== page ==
There was an interesting article on the BBC News website last week that was brought to my attention by a colleague at EBS, Gerry Reilly . Its title says it all: ‘Shouldn't lectures be obsolete by now?’
The article starts by saying that the reason the lecture has refused to go away is not ‘because it’s particularly effective’ and provides statistics to ‘prove’ that.
But, as another member of our faculty, Professor Patrick O’Farrell, reminded us in a talk at EBS this week, there are three kinds of lies: lies, damned lies and statistics (a quote attributed to Benjamin Disraeli).
For example, the BBC article says that, ‘on average, attendance at lectures falls from 79% at the start of term to 43% at the end’.
Only 43%? That seems low. But actually a number less than 50% can be quite high depending on how you look at it and what purpose it serves. If I opened a cake shop in my town and only 43% of the population bought my cheesecake, I would be quite pleased. Donald Trump won only a bit more than 46% of the popular vote in the US presidential election in November 2016 and it did not work out too badly for him.
Another way of looking at that 43% is that it is quite high given that students have many other ways of learning the material covered in lectures, and that even lectures themselves are often available in handout, PowerPoint or video form.
The article also says, ’Research shows that students remember as little as 10% of their lectures just days afterwards.’ Call me abnormal, but I have difficulty remembering 10% of anything just days afterwards. And I know I am not abnormal, because other research shows that that 10% figure reflects a problem with long-term memory, not with lectures in particular. Students will typically have other support material to reinforce, replicate, practice and extend lecture material. Lectures are a complement, not a substitute.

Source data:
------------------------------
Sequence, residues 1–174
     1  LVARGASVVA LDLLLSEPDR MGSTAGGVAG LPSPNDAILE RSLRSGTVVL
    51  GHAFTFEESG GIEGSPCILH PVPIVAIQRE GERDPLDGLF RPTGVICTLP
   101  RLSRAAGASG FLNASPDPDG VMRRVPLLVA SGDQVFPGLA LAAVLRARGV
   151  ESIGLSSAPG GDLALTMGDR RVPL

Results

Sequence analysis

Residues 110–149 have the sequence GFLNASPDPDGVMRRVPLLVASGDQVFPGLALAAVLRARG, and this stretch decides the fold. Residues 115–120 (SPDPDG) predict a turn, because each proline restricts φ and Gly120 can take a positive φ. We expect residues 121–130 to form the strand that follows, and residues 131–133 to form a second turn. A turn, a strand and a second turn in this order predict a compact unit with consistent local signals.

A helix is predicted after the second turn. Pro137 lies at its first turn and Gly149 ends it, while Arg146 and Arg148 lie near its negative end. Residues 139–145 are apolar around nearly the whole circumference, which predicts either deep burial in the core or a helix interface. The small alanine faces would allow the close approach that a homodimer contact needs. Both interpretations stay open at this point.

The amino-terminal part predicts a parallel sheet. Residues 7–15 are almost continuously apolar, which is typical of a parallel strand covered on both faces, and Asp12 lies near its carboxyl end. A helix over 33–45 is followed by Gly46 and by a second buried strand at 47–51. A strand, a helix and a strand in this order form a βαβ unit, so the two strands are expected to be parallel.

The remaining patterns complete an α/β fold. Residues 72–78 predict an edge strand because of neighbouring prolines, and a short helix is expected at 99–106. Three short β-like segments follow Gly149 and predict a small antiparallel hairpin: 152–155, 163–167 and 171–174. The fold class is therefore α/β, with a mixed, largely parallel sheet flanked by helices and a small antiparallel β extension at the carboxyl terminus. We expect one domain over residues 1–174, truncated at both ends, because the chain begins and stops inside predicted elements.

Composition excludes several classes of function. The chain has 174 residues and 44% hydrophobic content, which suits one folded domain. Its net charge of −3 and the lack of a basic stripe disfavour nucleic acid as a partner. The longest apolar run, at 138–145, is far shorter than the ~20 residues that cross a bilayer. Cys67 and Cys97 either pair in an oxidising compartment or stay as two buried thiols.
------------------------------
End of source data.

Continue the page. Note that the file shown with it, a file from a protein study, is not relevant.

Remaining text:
As the article says, ‘many predicted that digital technology would have killed off the lecture by now’. Well, many predicted in the 1950s that TV would have killed off cinema by now, and they were wrong.
So why am I looking at lectures as anything other than an inferior learning tool, given that the main business of EBS is distance learning? Surely I should be agreeing 100% with the thrust of the article?
There’s that problem with statistics again. I agree with, maybe, 70% of it. The reality is that some students like lectures and prefer to learn that way. Also, people learn differently (some visually, some aurally, and so on).
We still offer lectures in some modes at EBS, so it is important to know why some students prefer them. Also, even when we are offering courses via distance learning, it is important to know whether we should be trying to replicate some of the features of lectures (such as a linear narrative) or trying completely different methods – or providing a mix. That is what some research led by Barbara Jamieson here at EBS has been looking at, and some of the results are already being reflected in our programmes.
So what is the answer to the BBC’s question ‘Shouldn’t lectures be obsolete by now?’
The answer is that it is the wrong question! The right question is ‘How do people learn?’ And there is no definitive answer to that, any more than there is to whether people prefer TV to cinema – or how they will vote.